Posters

New imaging possibilities in the assessment of retinal artery occlusion

Poster Details

First Author: M.Loidl GERMANY

Co Author(s):    J. Werner   C. Enders   G. Lang   G. Lang                    

Abstract Details



Purpose:

To compare novel optical coherence tomography angiography (OCT-A) with fluorescein angiography (FA) findings in patients affected by retinal artery occlusion (RAO, central = CRAO, branch = BRAO) as well as selective evaluation of vascular flow changes of superficial and deep retinal vascular layers.

Setting:

Prospective, masked, monocentre study at the outpatient department of a university eye hospital.

Methods:

In this prospective study consecutive subjects with acute and chronic CRAO and BRAO were analysed. All patients underwent a complete ophthalmological examination including fundus photography, FA and OCT-A (AngioPlex, Carl Zeiss Meditec, Inc.). Qualitative OCT-A analysis was performed on retinal images segmented in superficial and deep retinal capillary plexus to investigate depth selective differences in perfusion. To determine the more suitable technique for diagnosis of RAO a comparison between OCT-A and FA findings was done. All data obtained was analysed independently by three ophthalmologists.

Results:

23 consecutive subjects (6 female, 17 male) were enrolled in this study (16 right and 7 left eyes). The median age of the patients was 68.8 (range 46 to 80) years. 15 patients had acute and 8 patients chronic RAO. Images of OCT-A and FA are highly corresponding in acute and chronic RAO concerning the area of flow reduction or non perfusion. In acute CRAO and BRAO both techniques are equal in the potential of making an unerring diagnosis (35.6 % OCT-A better than FA; 31.1% OCT-A worse than FA; 33.3 % OCT-A equal FA). In acute cases the quality of OCT-A images can be reduced by retinal edema, however data was sufficient for analysis in all cases. In acute occlusions areas of decreased vascular perfusion were in 68.9% more pronounced in the deep in comparison to the superficial retinal capillary plexus. In chronic retinal artery occlusions OCT-A allows a more accurate diagnosis (7/8 OCT-A better than FA; 1/8 OCT-A worse than FA). In chronic occlusions 50% of cases show a more severe perfusion impairment in the deep compared to superficial capillary plexus, in 50% both layers are equally affected.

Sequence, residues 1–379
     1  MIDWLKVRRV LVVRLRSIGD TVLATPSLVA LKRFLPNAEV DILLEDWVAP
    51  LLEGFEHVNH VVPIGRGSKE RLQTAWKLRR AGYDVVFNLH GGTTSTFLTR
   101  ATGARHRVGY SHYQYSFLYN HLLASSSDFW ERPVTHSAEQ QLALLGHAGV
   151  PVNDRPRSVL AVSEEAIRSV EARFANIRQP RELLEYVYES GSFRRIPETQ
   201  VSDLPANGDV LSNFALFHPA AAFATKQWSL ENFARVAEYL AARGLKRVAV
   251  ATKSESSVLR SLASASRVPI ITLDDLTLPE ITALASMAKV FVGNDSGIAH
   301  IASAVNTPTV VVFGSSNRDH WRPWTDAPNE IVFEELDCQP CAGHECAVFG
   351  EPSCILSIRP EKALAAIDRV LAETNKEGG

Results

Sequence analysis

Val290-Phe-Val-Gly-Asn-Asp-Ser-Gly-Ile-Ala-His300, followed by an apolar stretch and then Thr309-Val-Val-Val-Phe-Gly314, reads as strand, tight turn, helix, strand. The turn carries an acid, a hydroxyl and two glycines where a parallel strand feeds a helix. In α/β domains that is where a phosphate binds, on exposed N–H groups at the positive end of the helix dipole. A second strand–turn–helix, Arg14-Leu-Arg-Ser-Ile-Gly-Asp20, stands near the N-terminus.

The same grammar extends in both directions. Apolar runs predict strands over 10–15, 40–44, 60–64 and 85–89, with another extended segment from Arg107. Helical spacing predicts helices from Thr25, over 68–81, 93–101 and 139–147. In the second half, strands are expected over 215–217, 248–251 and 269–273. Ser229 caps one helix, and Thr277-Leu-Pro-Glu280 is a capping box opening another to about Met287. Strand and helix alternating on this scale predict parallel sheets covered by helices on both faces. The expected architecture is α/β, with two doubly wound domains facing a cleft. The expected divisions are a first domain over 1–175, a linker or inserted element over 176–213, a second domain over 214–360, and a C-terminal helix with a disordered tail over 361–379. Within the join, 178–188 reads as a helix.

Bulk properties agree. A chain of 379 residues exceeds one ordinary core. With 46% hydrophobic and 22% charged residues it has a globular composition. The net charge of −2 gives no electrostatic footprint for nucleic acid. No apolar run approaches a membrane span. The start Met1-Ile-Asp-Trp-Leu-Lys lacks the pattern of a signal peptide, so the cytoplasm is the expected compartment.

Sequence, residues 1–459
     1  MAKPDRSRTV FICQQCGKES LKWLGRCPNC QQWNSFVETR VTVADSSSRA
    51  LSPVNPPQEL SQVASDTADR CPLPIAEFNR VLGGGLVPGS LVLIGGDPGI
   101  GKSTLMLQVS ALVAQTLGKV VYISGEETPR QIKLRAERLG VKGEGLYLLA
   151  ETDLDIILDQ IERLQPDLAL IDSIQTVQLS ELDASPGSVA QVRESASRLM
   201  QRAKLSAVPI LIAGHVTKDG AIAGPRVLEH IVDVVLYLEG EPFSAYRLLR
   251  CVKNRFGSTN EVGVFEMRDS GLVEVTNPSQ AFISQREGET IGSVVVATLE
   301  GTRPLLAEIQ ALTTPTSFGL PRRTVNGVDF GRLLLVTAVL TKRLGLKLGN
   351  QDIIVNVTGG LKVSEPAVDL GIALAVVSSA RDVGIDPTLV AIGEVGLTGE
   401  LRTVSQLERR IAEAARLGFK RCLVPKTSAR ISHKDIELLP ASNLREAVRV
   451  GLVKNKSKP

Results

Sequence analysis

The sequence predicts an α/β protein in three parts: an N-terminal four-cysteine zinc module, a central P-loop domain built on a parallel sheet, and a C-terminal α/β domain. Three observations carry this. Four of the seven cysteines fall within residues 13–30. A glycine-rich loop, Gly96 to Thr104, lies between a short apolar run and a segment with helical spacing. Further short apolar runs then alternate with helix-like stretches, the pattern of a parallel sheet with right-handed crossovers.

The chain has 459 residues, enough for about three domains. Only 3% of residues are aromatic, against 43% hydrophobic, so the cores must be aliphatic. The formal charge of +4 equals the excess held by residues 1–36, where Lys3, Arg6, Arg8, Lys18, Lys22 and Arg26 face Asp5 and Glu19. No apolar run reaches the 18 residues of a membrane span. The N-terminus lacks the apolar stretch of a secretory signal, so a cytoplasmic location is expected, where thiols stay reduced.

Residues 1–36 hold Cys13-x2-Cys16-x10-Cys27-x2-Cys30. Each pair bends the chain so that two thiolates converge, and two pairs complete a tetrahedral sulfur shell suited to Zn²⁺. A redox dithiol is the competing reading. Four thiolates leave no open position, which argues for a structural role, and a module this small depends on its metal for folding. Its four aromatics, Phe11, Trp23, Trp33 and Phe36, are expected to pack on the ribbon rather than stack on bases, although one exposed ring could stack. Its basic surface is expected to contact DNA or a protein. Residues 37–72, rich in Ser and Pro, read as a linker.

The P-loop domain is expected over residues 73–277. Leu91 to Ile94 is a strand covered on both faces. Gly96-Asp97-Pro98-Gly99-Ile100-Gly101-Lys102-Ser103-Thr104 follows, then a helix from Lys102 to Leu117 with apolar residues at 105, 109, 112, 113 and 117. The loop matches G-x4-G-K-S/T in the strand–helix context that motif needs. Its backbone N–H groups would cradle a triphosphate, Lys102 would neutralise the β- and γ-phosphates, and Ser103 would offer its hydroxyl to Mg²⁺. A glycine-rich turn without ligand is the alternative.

Conclusions:

OCT-A images allow detection of non-perfused areas in patients with acute RAO equal to FA. In eyes with chronic RAO OCT-A is superior to FA. The deep capillary plexus is more severely affected compared to superficial capillary plexus in the majority of RAO. Advantages of OCT-A are that this technique is non-invasive, allows a fast image capture and provides three-dimensional flow information. These findings suggest that OCT-A has the capability to replace FA in the assessment of RAO in most patients.

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